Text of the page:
#50over50: Sharon Brigden

About the author

Ann is a co-founder of PR Academy. Her special areas of interest are internal communication, change management and project communication. MSc, Dip CAM, MCIPR

Sharon Brigden, Director of SLBPR in Leeds, actually wanted to be a war correspondent.

She also loved – and still loves – fashion. But at the time, the only fashion degrees on offer involved art and this wasn’t her forte.

So it was a media studies degree for Sharon, at the Polytechnic of Central London, now the University of Westminster. It’s hard to imagine now, but at the time media studies was quite a rare subject. There were only four programmes in the UK and Sharon’s only had 30 students. But it looked more exciting than pure journalism and gave the opportunity to major in television production which Sharon loved.

I was lucky to get the place because someone dropped out so off I went to London and had a great time – raves, clubs, going on student marches. We marched against Clause 28, student loans – all sorts of things. I was quite political.”

Unfortunately just as Sharon graduated, recession hit. A promised job with a production company that did adverts for HMV among others, was withdrawn and Sharon’s confidence took a knock, particularly as she could see the BBC were taking graduates with Oxbridge degrees in fine art rather than a relevant topic. “It didn’t seem right” she says.

But as is often the case, out of that knock came opportunity – a temping job with Phyllis Walters PR which had an amazing roster of fashion clients.

“I’d never heard of PR, I thought it was something to do with advertising so this was a real eye opener. It was just after Liz Hurley wore THAT dress and we were working for Versace so you can imagine the interest.

“Plus we had lots of Versace clothes in the office and when the boss was out we used to dress up in them!”

Sharon loved London life and now worries about the struggle for young practitioners who can’t afford to live in the Capital. She feels it hampers diversity. “When I went to London as a student Clapham was affordable imagine!

But Sharon is proof that it doesn’t all happen in London.

During some time working in Australia she met a man from Leeds who became her husband and north she went. (He will say she was attracted by the ability to order a curry at 4am and have it delivered.)

She joined the Hairdressing and Beauty Industry Authority (HABIA), working with their qualification providers and enjoying that combination of hair and beauty. But it was a long commute and when her daughter was born she went freelance and the Authority was one of her first clients.

From there the work snowballed and she branched out beyond hair and beauty.

Then with two small children she decided to merge with another business. But realised it was a mistake. “It became all about the money and I’m more about the people and exciting projects” explains Sharon. “It taught me that the right fit really matters – the company I merged with didn’t have the same ethos and it just didn’t work.”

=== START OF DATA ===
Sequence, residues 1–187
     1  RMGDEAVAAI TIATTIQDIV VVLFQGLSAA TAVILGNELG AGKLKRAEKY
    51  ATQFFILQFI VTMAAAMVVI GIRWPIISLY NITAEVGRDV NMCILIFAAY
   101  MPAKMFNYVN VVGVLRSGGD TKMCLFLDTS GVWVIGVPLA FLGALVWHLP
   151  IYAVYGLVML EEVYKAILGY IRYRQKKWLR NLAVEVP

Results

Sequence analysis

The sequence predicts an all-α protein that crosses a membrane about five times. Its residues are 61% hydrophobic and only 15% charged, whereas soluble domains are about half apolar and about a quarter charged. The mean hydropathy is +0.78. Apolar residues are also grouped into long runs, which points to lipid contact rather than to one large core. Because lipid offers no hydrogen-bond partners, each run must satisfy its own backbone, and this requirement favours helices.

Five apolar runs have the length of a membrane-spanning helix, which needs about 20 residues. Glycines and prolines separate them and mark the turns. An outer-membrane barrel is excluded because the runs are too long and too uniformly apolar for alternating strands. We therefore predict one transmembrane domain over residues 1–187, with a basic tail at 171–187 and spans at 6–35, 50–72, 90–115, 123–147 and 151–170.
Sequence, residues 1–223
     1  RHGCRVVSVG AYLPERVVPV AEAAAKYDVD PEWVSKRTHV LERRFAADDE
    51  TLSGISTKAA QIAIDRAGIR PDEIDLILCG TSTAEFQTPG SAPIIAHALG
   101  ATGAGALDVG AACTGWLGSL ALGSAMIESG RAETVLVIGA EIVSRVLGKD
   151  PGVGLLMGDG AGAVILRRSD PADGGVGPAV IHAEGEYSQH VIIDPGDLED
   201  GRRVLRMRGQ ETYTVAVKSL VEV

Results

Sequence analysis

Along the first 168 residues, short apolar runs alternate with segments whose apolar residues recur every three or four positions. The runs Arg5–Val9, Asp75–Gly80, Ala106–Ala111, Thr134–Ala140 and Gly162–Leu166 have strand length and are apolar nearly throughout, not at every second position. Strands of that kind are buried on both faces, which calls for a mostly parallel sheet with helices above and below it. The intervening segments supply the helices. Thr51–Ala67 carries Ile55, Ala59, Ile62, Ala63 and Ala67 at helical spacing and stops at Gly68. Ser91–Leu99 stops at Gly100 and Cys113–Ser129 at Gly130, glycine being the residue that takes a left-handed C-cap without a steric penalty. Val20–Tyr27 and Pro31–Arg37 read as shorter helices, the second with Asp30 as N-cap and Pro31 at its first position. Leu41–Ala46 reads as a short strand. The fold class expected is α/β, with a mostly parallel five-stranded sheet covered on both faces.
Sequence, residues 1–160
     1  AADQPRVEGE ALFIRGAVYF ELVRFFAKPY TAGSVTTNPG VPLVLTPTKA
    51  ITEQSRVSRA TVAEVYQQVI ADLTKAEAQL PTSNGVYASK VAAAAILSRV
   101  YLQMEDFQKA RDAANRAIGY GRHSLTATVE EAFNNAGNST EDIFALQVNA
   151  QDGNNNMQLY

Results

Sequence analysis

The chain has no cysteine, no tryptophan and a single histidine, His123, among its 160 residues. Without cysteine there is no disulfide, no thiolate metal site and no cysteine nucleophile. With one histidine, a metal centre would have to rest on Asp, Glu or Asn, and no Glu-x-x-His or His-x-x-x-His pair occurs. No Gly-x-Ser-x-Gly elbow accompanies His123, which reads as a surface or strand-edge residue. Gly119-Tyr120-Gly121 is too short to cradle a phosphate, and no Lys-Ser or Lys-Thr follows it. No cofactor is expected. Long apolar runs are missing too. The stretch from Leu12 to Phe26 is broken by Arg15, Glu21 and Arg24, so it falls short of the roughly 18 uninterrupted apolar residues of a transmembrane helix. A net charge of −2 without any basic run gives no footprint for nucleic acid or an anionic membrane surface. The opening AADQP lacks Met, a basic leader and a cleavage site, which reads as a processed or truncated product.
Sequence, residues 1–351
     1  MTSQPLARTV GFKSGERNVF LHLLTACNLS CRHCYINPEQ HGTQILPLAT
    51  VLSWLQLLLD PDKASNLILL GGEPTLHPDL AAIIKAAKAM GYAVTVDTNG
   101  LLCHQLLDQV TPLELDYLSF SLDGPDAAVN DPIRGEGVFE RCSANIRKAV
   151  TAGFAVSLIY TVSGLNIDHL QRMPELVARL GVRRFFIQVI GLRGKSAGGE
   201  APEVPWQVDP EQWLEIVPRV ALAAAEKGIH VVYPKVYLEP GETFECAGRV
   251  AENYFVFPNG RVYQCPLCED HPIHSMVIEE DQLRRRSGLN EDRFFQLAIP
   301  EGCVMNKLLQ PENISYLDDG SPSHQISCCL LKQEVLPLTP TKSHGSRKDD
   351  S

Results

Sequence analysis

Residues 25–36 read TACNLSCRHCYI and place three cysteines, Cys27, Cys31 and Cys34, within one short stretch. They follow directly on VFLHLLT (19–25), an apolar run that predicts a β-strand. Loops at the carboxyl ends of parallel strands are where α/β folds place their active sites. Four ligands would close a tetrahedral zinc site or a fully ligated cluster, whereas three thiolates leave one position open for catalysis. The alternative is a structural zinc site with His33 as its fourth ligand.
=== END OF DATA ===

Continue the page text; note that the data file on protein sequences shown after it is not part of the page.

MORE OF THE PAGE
However, for the second time for Sharon, out of adversity came something positive.

“It made me realise what really matters to me and what sort of business I want to be” she says. “I’d perhaps been a bit naïve going into it, but it taught me a lot. I came away with a really clear vision.

It’s about having innovative and exciting clients. It’s about an enthusiastic team and not about being the first one it the office and the last one out.”

SLBPR has an office in London but Sharon is passionate about what is happening in the northern regions and thinks lockdown and COVID-19 will accelerate the growth and innovation. “Journalists I speak to aren’t going into London anytime soon,” she says. “And digital is huge here, in our building there is a company working for Hollywood movies.

Salons are doing better here than in London and the media is becoming less London-centric with the BBC move to Salford and Channel 4 coming to Leeds.

It’s good news for young practitioners who can’t afford or don’t want to work in London.

So what about Sharon’s advice to the next generation of practitioners? “Be curious, be ready to start at the bottom. Ask questions. When taking someone on, I also always look to see if they have worked. During the recession I worked behind a bar and it taught me so much about people. I think those life lessons really matter.”

Sharon also calls on the industry – agencies and their clients – to support young practitioners by ending unpaid internships. “We always pay anyone on a placement with us – even though we get approached by people offering to work for nothing.

“It’s just as important that clients take a stand here too, it’s about their supply chain after all.”

I think Sharon and SLBPR are something of a northern powerhouse!